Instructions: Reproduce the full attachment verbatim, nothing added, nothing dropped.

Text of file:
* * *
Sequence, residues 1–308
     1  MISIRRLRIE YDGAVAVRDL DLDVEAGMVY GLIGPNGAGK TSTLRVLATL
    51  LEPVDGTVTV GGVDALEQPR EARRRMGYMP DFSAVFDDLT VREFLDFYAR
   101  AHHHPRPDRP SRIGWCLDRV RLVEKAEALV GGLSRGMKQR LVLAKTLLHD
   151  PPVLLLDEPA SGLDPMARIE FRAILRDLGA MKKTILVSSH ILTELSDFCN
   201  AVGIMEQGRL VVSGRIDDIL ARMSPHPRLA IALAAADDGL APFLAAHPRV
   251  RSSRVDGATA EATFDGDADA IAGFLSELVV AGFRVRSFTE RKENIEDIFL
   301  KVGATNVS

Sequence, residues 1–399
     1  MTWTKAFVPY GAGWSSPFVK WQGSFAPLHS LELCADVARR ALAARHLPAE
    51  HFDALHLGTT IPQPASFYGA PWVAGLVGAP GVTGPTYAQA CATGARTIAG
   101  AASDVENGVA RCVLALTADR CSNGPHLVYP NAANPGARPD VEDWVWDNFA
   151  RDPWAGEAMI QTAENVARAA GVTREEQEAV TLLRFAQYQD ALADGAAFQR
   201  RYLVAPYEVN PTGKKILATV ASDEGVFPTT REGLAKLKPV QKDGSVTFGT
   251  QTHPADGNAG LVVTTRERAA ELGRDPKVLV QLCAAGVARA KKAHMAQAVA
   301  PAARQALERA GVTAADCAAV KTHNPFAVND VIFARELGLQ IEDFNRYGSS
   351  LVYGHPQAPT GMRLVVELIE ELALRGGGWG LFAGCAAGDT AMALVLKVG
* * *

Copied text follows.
Sequence, residues 1–308
     1  MISIRRLRIE YDGAVAVRDL DLDVEAGMVY GLIGPNGAGK TSTLRVLATL
    51  LEPVDGTVTV GGVDALEQPR EARRRMGYMP DFSAVFDDLT VREFLDFYAR
   101  AHHHPRPDRP SRIGWCLDRV RLVEKAEALV GGLSRGMKQR LVLAKTLLHD
   151  PPVLLLDEPA SGLDPMARIE FRAILRDLGA MKKTILVSSH ILTELSDFCN
   201  AVGIMEQGRL VVSGRIDDIL ARMSPHPRLA IALAAADDGL APFLAAHPRV
   251  RSSRVDGATA EATFDGDADA IAGFLSELVV AGFRVRSFTE RKENIEDIFL
   301  KVGATNVS

Sequence, residues 1–399
     1  MTWTKAFVPY GAGWSSPFVK WQGSFAPLHS LELCADVARR ALAARHLPAE
    51  HFDALHLGTT IPQPASFYGA PWVAGLVGAP GVTGPTYAQA CATGARTIAG
   101  AASDVENGVA RCVLALTADR CSNGPHLVYP NAANPGARPD VEDWVWDNFA
   151  RDPWAGEAMI QTAENVARAA GVTREEQEAV TLLRFAQYQD ALADGAAFQR
   201  RYLVAPYEVN PTGKKILATV ASDEGVFPTT REGLAKLKPV QKDGSVTFGT
   251  QTHPADGNAG LVVTTRERAA ELGRDPKVLV QLCAAGVARA KKAHMAQAVA
   301  PAARQALERA GVTAADCAAV KTHNPFAVND VIFARELGLQ IEDFNRYGSS
   351  LVYGHPQAPT GMRLVVELIE ELALRGGGWG LFAGCAAGDT AMALVLKVG